Targeting Millennial Moviegoers More Complex Than First Thought

Some think millennials are generally less interested in going to the movies than previous generations, but data released Tuesday suggests ways brands can connect with these finicky movie-goers.

In fact, millennials account for 29% of box office revenue, visiting on average 6.2 times per year, according to Movio, a data and campaign-management software company that supports cinema and studios.

Preferences based on age within this generation differ greatly, so it's important for marketers to keep in mind the differences in behavior of subgroups within the same generation. For example, millennials between 20 and 25 years old visit the movies on average 8.5% more frequently than millennials between 30 and 35. Younger millennials purchase 15% fewer tickets, spend 22% less on concessions each time they visit, spend 7% less overall, and are 18% less likely to purchase tickets online.

The gap between women’s and men’s average tickets per visit increases as millennials age, presumably because women are more likely to take children to the movies.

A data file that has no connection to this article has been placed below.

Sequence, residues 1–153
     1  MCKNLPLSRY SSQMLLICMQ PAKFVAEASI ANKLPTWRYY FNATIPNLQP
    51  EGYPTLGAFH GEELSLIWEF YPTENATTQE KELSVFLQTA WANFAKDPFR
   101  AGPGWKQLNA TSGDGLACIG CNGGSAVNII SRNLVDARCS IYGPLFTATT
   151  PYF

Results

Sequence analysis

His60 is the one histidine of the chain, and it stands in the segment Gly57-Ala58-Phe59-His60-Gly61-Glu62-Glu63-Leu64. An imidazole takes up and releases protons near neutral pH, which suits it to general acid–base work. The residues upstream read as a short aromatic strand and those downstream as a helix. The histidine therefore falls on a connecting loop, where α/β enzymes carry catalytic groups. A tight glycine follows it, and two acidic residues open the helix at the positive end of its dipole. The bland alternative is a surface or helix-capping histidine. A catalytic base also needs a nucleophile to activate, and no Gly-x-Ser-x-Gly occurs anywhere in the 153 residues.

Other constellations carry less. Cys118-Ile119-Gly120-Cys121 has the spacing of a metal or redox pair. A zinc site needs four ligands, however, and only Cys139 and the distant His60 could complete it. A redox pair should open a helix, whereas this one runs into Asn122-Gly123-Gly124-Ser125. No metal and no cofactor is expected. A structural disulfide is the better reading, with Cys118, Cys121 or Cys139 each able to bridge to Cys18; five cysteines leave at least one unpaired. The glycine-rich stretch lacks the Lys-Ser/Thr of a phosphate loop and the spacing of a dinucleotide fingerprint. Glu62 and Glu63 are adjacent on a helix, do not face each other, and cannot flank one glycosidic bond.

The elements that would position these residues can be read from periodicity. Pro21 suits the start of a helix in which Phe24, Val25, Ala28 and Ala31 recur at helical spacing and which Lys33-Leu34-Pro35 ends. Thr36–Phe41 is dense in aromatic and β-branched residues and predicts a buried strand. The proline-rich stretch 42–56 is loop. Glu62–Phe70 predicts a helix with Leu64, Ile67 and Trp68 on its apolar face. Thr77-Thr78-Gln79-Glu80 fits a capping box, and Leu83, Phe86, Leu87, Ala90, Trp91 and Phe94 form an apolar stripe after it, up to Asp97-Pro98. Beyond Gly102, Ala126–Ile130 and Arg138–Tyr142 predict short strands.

Millennials' genre preferences also vary significantly with age. Millennials under 25 are twice as likely to have seen a horror film as a millennial over 30, 36% more likely to have seen an urban film, 25% more likely to have seen a young adult comedy, and 13% less likely to have seen an animated film during their time in a cinema loyalty program.  

Some 47% under 25 years old go to the movies on opening weekend. About 51% between the ages of 30 and 35 go before 6 p.m. and on the weekends, where as 60% of those 20 to 25 years old go to the movies after 6 p.m. and 17% go on Tuesdays.

The data shows that a Tuesday night horror movie and a Saturday afternoon family film will both appeal to millennials -- but to  very different subgroups within the same generation.

Not only do they appear to different subgroups, but their preferences can change quickly, per the study.

1 comment about "Targeting Millennial Moviegoers More Complex Than First Thought".
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  1. Ed Papazian from Media Dynamics Inc, June 23, 2016 at 10:07 a.m.

    Not exactly big news. TV programmers have been aware---thanks to "data"---of such nuances for many decades. It's hard to believe that moviemakers have been oblivious to such information as it is commonly available---and in greater detail----from all sorts of sources.

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